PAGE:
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Photoshopped Rd159 For Sale On Hipstamp

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Posted 03/20/2022   7:31 pm  Show Profile Bookmark this reply Add rogdcam to your friends list  Get a Link to this Reply
If I were the seller of the listings called out here, I would be happy to know that a problem exists and take the opportunity to address and try and fix it. Hopefully Mark will chime in. Maybe whomever is describing the material is doing Mark a disservice and he is unaware. In any case letting sleeping dogs lie never works out in the long run. Knowledgeable buyers will likely not deal with RP when so many stamps are improperly identified, and faults are apparently hidden or not described.
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Posted 03/20/2022   7:32 pm  Show Profile Bookmark this reply Add rogdcam to your friends list  Get a Link to this Reply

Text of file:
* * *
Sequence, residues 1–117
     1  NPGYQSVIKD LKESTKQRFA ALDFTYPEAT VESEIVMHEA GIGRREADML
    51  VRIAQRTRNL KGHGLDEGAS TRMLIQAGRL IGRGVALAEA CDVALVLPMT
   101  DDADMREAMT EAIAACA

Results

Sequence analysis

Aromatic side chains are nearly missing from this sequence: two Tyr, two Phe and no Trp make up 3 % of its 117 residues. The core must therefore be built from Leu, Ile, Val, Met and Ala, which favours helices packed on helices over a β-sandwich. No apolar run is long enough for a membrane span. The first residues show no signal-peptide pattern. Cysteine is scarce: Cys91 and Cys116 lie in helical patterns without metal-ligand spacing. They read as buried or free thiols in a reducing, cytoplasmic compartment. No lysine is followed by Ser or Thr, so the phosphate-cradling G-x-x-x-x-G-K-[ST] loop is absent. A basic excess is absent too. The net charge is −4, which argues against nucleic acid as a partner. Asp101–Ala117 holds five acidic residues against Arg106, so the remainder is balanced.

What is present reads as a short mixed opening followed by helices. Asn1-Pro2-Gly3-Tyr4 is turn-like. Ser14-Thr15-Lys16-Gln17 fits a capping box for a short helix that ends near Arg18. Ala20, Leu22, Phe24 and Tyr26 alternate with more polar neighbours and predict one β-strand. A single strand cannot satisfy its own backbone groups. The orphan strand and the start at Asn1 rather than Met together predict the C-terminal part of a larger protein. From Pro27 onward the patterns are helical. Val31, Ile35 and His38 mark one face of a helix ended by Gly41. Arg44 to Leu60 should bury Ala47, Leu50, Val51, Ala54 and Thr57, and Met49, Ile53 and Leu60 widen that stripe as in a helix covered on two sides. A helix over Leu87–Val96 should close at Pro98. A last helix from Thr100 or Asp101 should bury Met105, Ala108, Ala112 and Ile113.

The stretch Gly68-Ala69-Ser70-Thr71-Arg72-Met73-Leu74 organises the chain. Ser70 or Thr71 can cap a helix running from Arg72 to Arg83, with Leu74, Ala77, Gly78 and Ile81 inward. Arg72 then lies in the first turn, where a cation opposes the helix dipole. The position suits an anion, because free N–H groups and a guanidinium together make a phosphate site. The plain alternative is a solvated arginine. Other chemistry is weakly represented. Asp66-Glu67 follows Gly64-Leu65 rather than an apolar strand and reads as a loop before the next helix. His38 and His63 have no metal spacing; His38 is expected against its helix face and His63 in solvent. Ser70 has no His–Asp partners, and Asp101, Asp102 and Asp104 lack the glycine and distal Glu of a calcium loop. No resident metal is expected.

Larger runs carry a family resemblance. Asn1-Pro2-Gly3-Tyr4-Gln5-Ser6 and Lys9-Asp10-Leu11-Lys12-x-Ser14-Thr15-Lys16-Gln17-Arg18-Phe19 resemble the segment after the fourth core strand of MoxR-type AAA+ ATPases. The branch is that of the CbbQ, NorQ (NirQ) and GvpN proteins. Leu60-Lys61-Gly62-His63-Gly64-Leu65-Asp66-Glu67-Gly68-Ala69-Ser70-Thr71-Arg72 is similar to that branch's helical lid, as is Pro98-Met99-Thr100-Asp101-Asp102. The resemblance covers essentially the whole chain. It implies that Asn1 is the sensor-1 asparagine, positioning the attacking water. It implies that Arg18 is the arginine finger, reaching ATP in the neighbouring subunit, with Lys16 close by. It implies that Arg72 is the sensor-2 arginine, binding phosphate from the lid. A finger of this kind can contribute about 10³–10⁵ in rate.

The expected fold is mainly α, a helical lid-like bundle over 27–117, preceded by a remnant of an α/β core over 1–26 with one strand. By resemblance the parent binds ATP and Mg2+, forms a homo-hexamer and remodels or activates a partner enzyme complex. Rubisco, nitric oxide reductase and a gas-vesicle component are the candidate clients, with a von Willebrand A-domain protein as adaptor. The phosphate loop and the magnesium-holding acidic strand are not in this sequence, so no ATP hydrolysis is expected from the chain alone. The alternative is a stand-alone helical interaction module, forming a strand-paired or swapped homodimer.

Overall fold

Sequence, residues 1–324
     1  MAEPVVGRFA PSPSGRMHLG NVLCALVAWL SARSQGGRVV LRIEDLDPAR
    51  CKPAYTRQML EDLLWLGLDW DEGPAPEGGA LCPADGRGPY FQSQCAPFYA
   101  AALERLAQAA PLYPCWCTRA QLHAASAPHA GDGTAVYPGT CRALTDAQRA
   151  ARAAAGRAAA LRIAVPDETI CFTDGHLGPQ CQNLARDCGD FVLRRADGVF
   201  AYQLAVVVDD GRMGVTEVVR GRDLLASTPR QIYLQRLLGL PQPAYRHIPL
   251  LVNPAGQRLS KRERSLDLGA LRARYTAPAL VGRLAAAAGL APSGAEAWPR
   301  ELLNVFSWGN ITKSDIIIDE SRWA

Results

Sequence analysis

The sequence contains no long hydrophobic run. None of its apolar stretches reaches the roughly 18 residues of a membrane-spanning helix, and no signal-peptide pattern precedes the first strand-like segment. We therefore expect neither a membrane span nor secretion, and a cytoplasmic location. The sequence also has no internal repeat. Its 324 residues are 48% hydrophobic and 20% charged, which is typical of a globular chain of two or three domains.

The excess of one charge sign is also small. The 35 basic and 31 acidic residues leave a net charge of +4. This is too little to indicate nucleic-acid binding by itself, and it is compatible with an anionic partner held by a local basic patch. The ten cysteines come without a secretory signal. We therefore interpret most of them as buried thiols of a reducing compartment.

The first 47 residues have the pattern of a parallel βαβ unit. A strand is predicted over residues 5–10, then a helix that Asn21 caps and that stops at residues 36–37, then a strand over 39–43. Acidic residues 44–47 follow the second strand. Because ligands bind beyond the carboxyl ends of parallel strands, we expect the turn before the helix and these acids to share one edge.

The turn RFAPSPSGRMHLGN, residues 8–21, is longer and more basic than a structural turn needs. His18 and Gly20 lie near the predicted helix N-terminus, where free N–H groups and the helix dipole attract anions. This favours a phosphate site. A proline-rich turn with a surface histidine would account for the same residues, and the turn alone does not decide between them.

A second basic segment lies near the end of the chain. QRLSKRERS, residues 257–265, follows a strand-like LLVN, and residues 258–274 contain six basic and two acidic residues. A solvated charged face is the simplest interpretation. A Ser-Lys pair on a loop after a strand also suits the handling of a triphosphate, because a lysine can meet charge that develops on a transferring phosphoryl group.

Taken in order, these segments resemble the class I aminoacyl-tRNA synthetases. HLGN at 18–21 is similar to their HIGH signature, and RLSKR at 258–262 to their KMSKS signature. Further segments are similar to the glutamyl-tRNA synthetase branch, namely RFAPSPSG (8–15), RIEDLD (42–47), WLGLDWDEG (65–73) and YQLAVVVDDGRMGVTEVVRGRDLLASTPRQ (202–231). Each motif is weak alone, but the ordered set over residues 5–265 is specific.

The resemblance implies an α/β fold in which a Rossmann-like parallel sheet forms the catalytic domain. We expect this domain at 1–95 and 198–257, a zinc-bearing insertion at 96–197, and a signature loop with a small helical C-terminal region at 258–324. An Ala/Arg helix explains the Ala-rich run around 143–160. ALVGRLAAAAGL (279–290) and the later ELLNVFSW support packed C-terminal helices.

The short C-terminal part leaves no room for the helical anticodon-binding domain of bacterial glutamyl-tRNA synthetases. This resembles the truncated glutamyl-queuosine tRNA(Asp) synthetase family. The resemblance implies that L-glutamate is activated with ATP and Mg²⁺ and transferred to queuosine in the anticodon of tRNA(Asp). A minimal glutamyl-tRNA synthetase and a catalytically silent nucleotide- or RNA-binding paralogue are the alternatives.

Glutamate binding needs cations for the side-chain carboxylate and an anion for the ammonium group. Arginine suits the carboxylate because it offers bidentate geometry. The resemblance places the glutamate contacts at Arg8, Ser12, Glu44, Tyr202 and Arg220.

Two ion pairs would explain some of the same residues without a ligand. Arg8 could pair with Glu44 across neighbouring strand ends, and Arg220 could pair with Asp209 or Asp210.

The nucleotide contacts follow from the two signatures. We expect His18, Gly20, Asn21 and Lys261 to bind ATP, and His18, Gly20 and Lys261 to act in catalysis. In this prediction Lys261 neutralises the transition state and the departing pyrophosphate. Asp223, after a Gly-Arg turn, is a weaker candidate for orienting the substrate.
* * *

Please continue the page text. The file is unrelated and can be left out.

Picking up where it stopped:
Quote:
I have been very careful not to name anyone in my post, but to generalise.


The entire topic is about Hipstamp and Rosenberg Philatelic, so I am not sure how that is working out.
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Posted 03/20/2022   7:35 pm  Show Profile Bookmark this reply Add GMC89 to your friends list  Get a Link to this Reply
RP in my opinion is not a malicious seller, deliberately selling mis I'd material. Over the past 3 or 4 years on Hip what I have observed is that his site is a "shovelware " situation and they handle so much material that they don't have the time or resources to vet carefully all that comes in and goes out. I made this note in a previous post back. 4 months or so.
More importantly is the post that Don made, I.e. Where the market maker is also a market seller. Think Amazon, and the richest man I n the world Jeff Bezos, sorry Vladimir.